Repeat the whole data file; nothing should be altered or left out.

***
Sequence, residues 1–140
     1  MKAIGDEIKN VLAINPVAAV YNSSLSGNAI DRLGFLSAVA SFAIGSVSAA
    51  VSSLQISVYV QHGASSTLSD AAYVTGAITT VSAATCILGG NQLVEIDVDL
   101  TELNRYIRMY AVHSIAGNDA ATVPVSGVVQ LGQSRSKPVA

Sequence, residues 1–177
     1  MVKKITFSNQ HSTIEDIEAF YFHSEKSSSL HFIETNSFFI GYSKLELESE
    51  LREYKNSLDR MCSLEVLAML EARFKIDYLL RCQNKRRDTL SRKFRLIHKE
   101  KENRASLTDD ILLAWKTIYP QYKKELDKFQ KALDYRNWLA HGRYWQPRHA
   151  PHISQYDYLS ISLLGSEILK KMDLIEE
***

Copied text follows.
Sequence, residues 1–140
     1  MKAIGDEIKN VLAINPVAAV YNSSLSGNAI DRLGFLSAVA SFAIGSVSAA
    51  VSSLQISVYV QHGASSTLSD AAYVTGAITT VSAATCILGG NQLVEIDVDL
   101  TELNRYIRMY AVHSIAGNDA ATVPVSGVVQ LGQSRSKPVA

Sequence, residues 1–177
     1  MVKKITFSNQ HSTIEDIEAF YFHSEKSSSL HFIETNSFFI GYSKLELESE
    51  LREYKNSLDR MCSLEVLAML EARFKIDYLL RCQNKRRDTL SRKFRLIHKE
   101  KENRASLTDD ILLAWKTIYP QYKKELDKFQ KALDYRNWLA HGRYWQPRHA
   151  PHISQYDYLS ISLLGSEILK KMDLIEE